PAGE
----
“BALLISTIC MISSILE THREAT INBOUNDS TO HAWAII. SEEK IMMEDIATE SHELTER. THIS IS NOT A DRILL.” How would you respond to the message?
It sounds like the plot of a disaster movie. However, people living and visiting the state of Aloha had to face the real possibility of impending doom when they received such a message on January 13, 2018, at 8:07 AM local time.
This was an error made by an employee of the Hawaii Management Agency (EMA) during the preparation drill and was withdrawn 38 minutes later. Of course, there were no incoming missiles. Yet, for the long 38 minutes, the people of Hawaii really thought they were under attack – and when it came to displaying their tweets, it was horrible. Centers for Disease Control (CDC) wanted to understand the impact of the warning on the general public and since it is 2019, they have used Twitter as their modus operandi.
The team noticed four main themes so far during pre-withdrawal tweets. First, what they call “data processing”. It basically includes anything related to the mental processing of caution. For example, one reads “What’s going on IDIC … but is there a warning for a ballistic missile coming to Hawaii? Explosive deleted”.
Using search terms such as “Missile Hawaii”, “Ballistic”, “Shelter”, “Drill”, “Threat”, “Warning”, and “Alarm”, the researchers first collected tweets posted during the panic. Retweets and quote tweets were immediately disqualified, leaving a total of 14,530 leaving these tweets then divided into two parts – those posted before the withdrawal ((8.07-8.45 am) and those posted after (8.46-9.24 am). The second is what they refer to as “information sharing”, aka any attempt at caution and propaganda. It often includes other people’s Twitter handles – for example, “An iPhone received a warning about Hawaii’s inbound ballistic [sic] missile. A drill did not say.
Another key trend was “authentication”, which researchers described as an attempt to legitimize the warning, for example: “Is the threat of this missile true?” Although the final theme was something that researchers call an “emotional response”. This could include expressions of shock, fear, terror, or panic – for example, “Guys, there’s a missile threat here at the moment. I love you all and I’m scared as exclusively deleted.”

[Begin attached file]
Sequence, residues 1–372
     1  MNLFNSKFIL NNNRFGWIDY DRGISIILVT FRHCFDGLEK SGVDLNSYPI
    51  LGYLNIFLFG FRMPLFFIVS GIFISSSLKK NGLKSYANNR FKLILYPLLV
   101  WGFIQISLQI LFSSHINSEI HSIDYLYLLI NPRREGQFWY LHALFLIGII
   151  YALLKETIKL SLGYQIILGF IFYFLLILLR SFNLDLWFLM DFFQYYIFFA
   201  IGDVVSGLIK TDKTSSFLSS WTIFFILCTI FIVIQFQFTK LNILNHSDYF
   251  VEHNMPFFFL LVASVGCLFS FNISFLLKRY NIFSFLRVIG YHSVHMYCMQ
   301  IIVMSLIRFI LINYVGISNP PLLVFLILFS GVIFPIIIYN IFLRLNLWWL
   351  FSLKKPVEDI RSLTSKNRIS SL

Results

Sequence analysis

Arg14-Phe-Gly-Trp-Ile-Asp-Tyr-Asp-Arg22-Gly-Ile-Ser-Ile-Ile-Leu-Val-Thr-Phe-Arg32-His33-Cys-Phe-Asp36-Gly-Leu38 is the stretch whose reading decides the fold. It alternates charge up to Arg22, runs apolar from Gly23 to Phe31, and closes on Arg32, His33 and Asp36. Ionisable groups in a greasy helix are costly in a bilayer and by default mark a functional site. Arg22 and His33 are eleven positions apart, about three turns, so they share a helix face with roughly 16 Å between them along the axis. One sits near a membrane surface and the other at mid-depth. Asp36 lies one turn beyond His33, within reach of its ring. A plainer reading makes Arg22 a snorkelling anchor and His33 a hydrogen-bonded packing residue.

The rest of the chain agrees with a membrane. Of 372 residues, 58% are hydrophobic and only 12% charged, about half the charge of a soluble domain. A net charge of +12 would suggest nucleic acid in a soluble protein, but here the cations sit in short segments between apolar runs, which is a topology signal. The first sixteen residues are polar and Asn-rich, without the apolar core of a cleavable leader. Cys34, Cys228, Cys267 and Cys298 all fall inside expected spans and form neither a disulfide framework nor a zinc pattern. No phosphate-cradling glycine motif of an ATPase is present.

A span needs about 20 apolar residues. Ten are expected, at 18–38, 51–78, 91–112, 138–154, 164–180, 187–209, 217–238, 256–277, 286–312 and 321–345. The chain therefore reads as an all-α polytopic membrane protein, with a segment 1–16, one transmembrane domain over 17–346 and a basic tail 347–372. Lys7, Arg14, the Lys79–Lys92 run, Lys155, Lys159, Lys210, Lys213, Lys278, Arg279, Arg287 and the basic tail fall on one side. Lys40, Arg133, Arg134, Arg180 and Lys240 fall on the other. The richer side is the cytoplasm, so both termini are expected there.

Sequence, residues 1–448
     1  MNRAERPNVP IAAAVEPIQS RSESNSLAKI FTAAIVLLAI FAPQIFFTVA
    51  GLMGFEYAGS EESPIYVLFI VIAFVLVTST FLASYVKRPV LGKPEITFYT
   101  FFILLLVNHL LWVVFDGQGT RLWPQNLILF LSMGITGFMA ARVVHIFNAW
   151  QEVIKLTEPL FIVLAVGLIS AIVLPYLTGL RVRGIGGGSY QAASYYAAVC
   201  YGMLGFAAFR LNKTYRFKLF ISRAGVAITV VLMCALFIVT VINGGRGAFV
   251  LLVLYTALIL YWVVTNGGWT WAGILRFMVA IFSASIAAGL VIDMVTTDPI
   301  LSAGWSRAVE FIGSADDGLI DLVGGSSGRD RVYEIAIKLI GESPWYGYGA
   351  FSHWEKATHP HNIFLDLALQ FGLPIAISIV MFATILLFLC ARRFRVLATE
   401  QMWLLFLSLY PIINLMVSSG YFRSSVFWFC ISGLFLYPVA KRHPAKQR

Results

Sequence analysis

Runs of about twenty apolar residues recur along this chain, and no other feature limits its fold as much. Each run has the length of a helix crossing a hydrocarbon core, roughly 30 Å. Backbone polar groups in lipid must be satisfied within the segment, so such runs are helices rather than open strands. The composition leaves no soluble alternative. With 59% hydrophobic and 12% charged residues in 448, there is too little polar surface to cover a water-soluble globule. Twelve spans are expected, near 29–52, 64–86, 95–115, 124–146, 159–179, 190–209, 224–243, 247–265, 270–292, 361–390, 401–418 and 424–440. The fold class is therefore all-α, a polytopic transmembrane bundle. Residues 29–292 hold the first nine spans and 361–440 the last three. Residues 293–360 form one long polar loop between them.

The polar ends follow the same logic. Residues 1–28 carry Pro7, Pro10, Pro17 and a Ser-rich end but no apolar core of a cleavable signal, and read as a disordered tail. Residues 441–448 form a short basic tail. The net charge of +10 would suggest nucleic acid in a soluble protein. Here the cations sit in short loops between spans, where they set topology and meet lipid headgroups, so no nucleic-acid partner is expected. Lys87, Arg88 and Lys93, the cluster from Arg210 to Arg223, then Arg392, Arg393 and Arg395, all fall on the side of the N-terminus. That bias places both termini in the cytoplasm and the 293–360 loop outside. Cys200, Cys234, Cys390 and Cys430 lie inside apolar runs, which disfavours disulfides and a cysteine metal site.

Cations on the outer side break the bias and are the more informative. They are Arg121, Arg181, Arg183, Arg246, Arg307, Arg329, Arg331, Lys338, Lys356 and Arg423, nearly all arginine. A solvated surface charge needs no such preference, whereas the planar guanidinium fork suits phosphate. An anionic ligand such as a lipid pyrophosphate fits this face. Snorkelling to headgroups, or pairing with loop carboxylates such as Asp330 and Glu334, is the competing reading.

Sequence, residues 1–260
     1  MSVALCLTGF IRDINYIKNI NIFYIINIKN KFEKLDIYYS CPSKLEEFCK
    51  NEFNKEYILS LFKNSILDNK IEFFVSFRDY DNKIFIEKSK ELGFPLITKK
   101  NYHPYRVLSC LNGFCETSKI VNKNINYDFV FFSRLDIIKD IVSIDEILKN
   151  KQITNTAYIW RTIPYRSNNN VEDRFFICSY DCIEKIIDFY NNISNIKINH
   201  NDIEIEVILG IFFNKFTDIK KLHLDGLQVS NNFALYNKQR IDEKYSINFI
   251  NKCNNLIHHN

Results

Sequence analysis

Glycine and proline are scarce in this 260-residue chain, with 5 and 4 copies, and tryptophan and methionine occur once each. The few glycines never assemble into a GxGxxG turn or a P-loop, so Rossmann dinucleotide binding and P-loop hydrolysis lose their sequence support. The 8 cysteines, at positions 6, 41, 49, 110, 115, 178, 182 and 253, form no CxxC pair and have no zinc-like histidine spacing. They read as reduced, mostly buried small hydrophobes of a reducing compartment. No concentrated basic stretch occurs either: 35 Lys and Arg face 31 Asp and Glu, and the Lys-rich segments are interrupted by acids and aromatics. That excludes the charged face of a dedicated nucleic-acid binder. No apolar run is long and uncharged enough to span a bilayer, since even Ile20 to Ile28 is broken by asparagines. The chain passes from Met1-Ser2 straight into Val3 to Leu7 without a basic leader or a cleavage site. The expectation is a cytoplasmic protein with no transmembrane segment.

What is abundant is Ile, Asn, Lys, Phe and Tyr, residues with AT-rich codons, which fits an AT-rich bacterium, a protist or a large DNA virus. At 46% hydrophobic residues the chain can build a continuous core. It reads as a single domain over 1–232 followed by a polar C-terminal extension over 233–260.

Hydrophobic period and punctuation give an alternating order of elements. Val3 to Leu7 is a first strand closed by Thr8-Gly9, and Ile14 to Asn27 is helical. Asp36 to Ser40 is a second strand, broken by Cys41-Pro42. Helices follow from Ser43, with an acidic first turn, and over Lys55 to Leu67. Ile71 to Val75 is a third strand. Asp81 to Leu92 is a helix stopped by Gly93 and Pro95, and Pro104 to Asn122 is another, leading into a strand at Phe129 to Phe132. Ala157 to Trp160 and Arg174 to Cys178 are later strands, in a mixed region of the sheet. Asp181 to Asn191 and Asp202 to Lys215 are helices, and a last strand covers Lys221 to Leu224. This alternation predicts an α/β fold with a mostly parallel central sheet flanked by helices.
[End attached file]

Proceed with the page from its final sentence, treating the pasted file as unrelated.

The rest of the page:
Once the message was corrected, researchers observed three different themes: “condemnation”, “insufficient knowledge to act”, and “distrust of authority”, which were (surprisingly) “fundamentally different” in the tweets posted when people believed they were under attack and “reflect incorrect information response and response”. “Condemnation” involves urgent warning and blaming the response. In particular, people were upset about how long it took to correct their mistakes. One read, “How do you” accidentally “send an entire [explicitly deleted] emergency alert that says a missile is coming from Hawaii and can cover it. And 30 minutes to correct?!?”
“Insufficient knowledge to work” refers to posts where there is a lack of response planning. For example, “Can you think of a warning waking up that says there’s a missile on the way to take refuge ’, like Bruh. What is the shelter for a missile? It can say forget to delete as well. “Come on Bruh Missile on the way. Good luck.”
Finally, a perfect example is, “Disbelief of authority” which includes a post that (you guessed it) expressed distrust of authority following a spectacular error. “And now, if there should be a threat of another ballistic missile, how can we believe it knowing that the last one was a serious mistake??”
The team does not acknowledge certain limitations. For example, it can be difficult to accurately assess the sincerity and tone of written statements. But they are hopeful that understanding the public’s response to the message will enable them to improve the way crisis warnings are developed and disseminated in the future.